ideograph as part of a text which otherwise is spelt out in full--
                  rather than a series of initials.

                  Here is a quote from JH Looijenga's book "Runes Around the North
                  Sea...", she is talking about finds from before the Viking period:

                  "Personally I have difficulties determining when and if an
                  ideographic rune (or Begriffsrune) was used, since the runewriters'
                  criteria for using them are unknown to us. There is at least
                  one clear instance of the use of an ideographic rune: the single j
                  rune on the Stentoften stone, representing its name *jara
                  meaning `good year' = harvest. The peculiar use of this ideograph
                  is further emphasized by the fact that it was carved in an archaic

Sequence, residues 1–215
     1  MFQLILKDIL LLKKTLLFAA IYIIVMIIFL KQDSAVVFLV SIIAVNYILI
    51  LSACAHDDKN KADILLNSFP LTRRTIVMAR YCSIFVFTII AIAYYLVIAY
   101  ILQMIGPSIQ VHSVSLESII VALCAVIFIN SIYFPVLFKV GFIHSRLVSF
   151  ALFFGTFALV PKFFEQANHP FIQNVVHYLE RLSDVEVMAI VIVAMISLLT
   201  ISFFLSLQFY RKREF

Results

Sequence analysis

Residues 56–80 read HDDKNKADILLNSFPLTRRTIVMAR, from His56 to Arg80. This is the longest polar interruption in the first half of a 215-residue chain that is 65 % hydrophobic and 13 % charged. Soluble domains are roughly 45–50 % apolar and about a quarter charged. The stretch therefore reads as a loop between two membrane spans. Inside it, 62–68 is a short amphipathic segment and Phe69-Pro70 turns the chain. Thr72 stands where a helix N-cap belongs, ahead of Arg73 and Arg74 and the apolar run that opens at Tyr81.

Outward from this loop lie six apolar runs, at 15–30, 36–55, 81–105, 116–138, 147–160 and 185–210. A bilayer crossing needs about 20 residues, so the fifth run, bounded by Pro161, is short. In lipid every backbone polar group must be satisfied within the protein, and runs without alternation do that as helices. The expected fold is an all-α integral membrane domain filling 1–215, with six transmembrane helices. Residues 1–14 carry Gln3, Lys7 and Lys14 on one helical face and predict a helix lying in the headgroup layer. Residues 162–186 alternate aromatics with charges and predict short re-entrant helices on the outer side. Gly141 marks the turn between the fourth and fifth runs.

fashion. The h in Thorsberg aisgzh may or may not be such a
                  Begriffsrune, there is no graphic peculiarity (h has no
                  archaic forerunner), but, in Antonsen's interpretation, it could
                  symbolize its name on syntactic grounds. In some other cases,
                  isolated runes may be read as abbreviations, such as the r in the
                  Sievern bracteate, which apparently denotes r[unoz]. Single runes
                  may have been read as abbreviations in the oldest inscriptions, and
                  may later on have come to represent the symbolic meaning of the
                  rune's name."

                  http://www.ub.rug.nl/eldoc/dis/arts/j.h.looijenga/


                  Needless to say, with a whole series of abbreviations, it would be
                  very hard to narrow down the possible interpretations. If they
                  stood for the concepts embodied in the rune names, it's easy to
                  think up symbolic interpretations, but hard if not impossible to
                  test them.

                  Llama Nom
                • Troels Brandt
                  I agree in your comments below. It was the connection Kerch - Goths - Romenia - Pietroassa - Reicherts J -rune (discussed as at Stentoften) which made me
                  Message 8 of 18 , Mar 8, 2005